Illini of the Decade: #13 Emily Zurrer

Janet Rayfield has a memorable early impression of Emily Zurrer.

As the Illinois soccer head coach best remembers, she was in Houston sometime in the summer of 2004, taking in some junior national competition. Zurrer, a Vancouver native who played for Team Canada, had already committed to play soccer for Rayfield at Illinois.

Before departing, the national teams gathered for a party. After entering the party late, Rayfield recalls seeing members from several different national teams crowded around a few people. Curious as to what everyone was observing and laughing about, Rayfield strolled over to find several players teaching the Japanese national team how to dance — American style. And right in the middle of all the commotion, leading the way?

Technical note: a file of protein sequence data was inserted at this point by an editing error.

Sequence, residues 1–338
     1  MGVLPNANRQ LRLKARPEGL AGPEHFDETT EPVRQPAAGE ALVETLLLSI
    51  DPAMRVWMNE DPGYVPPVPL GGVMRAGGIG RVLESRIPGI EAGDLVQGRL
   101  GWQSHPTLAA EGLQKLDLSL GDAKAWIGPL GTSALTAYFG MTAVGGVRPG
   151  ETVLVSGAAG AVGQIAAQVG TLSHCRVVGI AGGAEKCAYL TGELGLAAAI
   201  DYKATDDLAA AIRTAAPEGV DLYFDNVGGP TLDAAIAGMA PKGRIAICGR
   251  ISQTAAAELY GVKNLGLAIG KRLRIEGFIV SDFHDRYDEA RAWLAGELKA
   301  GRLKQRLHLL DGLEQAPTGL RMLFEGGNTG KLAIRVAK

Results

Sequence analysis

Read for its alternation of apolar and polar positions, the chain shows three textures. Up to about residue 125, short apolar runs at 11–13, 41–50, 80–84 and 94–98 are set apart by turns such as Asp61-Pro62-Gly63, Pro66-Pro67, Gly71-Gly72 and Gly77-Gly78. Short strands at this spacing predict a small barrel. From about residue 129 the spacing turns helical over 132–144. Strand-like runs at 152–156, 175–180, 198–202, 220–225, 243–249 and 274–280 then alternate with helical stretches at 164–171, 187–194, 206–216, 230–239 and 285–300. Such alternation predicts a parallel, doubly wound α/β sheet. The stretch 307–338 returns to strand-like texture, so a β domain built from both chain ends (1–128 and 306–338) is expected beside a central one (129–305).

Zurrer, of course.

It was then that Rayfield knew she had someone who could be “the center of attention.”

What she didn’t know at the time, but would find out over the course of the next five years, was that she had a four-year starter and centerpiece for her defense, a team leader and a three-time All-American.

Whether it’s Christian Michner’s tale of Zurrer nabbing the last yogurt parfait from him during his interview for the assistant coaching position that he currently holds at Illinois, or former teammate and roommate Jackie Santacaterina’s analysis of Zurrer’s private concerts — “She’s a terrible, terrible singer, but she’d belt it out” — it seems everyone in the Illinois soccer family has a funny story of Zurrer that he or she cherishes.